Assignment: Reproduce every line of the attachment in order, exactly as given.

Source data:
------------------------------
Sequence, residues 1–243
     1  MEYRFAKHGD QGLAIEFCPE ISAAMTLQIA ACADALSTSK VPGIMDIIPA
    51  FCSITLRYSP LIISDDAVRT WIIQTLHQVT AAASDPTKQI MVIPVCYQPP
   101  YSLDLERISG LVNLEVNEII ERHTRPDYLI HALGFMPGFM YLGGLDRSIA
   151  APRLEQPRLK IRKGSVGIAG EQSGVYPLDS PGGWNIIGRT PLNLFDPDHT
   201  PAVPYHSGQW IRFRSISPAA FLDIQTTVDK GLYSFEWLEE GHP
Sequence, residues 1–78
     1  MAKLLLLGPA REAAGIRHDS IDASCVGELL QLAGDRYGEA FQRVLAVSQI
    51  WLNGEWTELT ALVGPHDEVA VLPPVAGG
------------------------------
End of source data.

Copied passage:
Sequence, residues 1–243
     1  MEYRFAKHGD QGLAIEFCPE ISAAMTLQIA ACADALSTSK VPGIMDIIPA
    51  FCSITLRYSP LIISDDAVRT WIIQTLHQVT AAASDPTKQI MVIPVCYQPP
   101  YSLDLERISG LVNLEVNEII ERHTRPDYLI HALGFMPGFM YLGGLDRSIA
   151  APRLEQPRLK IRKGSVGIAG EQSGVYPLDS PGGWNIIGRT PLNLFDPDHT
   201  PAVPYHSGQW IRFRSISPAA FLDIQTTVDK GLYSFEWLEE GHP
Sequence, residues 1–78
     1  MAKLLLLGPA REAAGIRHDS IDASCVGELL QLAGDRYGEA FQRVLAVSQI
    51  WLNGEWTELT ALVGPHDEVA VLPPVAGG